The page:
And I too, he says, on this day when the wind played cello music across the rooftops, stood in the crowd. We were all children, I noticed, more than that—infants Open-mouthed infantile wonder staring out of our tired, gray faces. Men, without thought, men making a curious little confession in the busy street that they were not busy, that there is nothing in life at the moment that preoccupies them—that a broken automobile is a godsend, a diversion, a drama, a great happiness.
I smoked my pipe, he says, and began to wonder again. Why did they stare like this? And at what? And who were these staring ones? And what was it in them that stared? I thought of this, he says. Dead dreams, and forgotten defeats stood staring from the curb at the broken automobile. Men who had survived themselves, who had become compliant and automatic little forces in the engine of the city—these were ourselves on the curb.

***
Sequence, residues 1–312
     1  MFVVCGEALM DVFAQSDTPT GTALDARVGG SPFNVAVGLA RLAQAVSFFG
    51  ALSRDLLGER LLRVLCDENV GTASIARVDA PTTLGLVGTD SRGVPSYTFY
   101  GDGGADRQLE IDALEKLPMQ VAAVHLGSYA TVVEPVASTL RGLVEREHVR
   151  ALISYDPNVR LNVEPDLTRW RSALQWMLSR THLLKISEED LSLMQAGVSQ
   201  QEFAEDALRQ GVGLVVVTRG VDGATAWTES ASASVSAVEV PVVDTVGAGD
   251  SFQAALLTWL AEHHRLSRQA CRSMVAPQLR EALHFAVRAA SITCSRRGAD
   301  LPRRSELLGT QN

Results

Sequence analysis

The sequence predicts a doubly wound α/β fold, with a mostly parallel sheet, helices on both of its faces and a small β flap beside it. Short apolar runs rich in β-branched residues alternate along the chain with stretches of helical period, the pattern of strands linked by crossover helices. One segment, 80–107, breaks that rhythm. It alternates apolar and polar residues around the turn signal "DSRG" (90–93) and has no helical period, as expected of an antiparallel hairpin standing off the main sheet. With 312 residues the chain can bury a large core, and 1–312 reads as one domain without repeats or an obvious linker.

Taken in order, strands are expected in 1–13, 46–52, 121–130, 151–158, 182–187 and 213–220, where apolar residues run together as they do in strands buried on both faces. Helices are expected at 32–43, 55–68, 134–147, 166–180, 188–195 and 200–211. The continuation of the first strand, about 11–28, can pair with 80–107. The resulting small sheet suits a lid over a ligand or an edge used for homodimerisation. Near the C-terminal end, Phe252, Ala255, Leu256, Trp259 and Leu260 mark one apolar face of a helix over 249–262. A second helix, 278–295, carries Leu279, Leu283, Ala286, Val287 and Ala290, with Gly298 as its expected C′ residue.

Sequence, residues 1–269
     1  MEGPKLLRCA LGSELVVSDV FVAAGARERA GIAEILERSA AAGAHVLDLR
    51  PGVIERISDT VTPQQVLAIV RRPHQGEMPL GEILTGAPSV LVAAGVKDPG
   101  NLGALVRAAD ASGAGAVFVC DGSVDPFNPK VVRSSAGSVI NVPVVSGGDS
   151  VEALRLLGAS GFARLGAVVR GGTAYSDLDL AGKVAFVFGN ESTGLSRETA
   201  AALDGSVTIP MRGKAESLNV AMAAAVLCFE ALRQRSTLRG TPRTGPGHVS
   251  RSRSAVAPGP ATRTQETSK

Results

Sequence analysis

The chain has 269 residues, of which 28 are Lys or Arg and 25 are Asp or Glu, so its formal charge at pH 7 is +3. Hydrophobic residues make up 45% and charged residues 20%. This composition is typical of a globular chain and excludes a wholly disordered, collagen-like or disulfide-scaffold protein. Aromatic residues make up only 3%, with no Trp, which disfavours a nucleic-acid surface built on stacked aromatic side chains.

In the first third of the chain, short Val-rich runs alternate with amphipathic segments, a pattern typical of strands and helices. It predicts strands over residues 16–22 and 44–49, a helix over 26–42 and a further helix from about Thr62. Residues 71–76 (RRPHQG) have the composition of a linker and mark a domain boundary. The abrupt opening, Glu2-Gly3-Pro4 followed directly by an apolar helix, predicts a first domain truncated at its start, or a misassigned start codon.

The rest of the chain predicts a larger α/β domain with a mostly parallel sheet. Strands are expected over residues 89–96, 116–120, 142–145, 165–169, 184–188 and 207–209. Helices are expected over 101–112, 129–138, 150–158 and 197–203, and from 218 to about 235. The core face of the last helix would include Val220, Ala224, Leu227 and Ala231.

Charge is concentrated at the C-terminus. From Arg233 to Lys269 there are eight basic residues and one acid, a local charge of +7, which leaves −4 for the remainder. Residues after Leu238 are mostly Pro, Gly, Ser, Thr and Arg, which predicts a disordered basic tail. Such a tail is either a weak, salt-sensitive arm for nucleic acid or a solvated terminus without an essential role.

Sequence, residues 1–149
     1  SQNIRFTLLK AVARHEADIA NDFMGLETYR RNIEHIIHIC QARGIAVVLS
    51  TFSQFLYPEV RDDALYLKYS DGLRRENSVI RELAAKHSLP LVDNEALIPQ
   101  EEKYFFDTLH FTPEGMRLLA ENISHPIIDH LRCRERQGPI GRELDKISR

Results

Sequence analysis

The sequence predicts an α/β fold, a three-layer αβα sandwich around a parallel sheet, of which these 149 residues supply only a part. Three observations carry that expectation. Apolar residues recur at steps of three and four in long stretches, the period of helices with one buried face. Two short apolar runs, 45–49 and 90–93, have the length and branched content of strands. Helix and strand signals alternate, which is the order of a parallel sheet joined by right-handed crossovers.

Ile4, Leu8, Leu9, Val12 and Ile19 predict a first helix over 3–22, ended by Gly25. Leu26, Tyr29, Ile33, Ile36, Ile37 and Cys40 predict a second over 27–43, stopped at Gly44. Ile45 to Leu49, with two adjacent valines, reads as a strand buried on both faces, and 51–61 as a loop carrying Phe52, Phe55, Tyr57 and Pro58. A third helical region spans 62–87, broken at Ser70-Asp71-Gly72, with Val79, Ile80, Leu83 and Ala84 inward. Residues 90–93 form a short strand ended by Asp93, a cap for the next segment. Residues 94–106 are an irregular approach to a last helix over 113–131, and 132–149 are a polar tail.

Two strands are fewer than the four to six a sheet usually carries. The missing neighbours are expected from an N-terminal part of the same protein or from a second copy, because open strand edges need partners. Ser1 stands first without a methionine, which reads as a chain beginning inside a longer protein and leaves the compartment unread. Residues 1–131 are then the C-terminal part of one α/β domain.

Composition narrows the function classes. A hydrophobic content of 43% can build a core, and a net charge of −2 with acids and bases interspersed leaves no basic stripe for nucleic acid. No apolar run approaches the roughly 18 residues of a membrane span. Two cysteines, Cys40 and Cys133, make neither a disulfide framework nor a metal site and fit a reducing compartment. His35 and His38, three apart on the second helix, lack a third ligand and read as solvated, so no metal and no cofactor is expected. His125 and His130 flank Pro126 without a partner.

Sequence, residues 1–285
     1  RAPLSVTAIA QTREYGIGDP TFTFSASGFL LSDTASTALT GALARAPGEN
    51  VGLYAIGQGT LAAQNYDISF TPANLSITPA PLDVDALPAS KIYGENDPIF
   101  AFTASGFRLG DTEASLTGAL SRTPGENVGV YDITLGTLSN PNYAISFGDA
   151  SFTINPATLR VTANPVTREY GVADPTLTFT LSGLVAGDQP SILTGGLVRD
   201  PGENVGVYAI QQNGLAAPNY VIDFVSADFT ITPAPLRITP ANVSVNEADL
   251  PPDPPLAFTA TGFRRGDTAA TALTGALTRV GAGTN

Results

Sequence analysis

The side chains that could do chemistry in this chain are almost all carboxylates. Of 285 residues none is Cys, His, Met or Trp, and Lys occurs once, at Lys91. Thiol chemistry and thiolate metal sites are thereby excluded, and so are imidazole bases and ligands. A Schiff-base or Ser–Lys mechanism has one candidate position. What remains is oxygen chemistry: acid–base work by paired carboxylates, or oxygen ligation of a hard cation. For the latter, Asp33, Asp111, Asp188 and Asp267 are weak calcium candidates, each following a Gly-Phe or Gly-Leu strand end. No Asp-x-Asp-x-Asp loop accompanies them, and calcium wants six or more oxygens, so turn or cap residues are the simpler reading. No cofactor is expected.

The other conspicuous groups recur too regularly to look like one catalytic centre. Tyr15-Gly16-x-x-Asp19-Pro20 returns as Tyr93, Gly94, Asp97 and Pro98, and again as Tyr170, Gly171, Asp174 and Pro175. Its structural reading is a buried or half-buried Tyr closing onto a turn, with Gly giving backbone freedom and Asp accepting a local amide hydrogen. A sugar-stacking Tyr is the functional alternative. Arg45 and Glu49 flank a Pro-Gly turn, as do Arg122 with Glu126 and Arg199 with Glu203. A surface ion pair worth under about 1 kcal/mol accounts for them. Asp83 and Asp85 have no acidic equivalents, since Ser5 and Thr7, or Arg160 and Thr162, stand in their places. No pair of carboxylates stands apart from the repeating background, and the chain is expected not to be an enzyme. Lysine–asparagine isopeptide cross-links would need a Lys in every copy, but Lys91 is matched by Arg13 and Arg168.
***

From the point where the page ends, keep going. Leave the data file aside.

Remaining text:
And this is a weary thing to remember about the city. When I am tired, he says, and the plot of which I am hero, villain and Greek chorus suddenly vanish from my mind, I pause and look at something behind plate glass. A bauble catches my eye. Long minutes, half hours pass. There is a marvelous plenitude of baubles to look at. Machines digging, excavations, scaffoldings, advertisements, never are lacking.